Volcanic Winter, Population Bottlenecks, and Human Evolution 🎥 ebola song | Channify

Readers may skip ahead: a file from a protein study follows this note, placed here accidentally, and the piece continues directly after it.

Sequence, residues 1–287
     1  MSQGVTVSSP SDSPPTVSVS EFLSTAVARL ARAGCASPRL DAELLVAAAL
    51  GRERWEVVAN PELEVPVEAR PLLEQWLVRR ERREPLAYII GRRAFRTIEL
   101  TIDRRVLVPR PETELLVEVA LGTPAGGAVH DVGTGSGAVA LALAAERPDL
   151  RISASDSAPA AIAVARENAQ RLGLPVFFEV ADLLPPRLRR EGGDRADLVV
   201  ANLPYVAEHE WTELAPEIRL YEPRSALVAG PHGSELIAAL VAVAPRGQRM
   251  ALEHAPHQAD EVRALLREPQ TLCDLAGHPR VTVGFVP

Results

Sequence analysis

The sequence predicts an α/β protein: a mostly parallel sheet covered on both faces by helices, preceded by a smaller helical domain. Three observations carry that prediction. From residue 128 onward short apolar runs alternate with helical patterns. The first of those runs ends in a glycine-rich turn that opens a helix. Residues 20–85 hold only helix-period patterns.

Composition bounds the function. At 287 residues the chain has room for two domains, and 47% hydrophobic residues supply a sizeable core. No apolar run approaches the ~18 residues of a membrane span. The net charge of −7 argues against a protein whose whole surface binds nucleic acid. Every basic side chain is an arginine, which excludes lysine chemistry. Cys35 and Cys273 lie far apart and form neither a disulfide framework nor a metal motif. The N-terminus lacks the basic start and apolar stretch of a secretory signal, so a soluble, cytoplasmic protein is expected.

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2015 Hallam L. Movius, Jr. lecture and reception with Stanley H. Ambrose, Professor of Anthropology, University of Illinois at Urbana-Champaign The eruption of the Mount Toba supervolcano in the Indonesian island of Sumatra 74,000 years ago brought about an era of severe environmental degradation that decimated populations of Neanderthals and modern humans. Archaeological evidence suggests that modern humans survived this era by creating cooperative intergroup social networks and behaving like tribes. Neanderthals, on the other hand, behaved more like primate troops, living in small, closed territories with limited intergroup interaction. Stanley Ambrose will discuss the behaviors that contributed to the competitive advantage of modern humans and the demise of Neanderthals. Recorded March 12, 2015.

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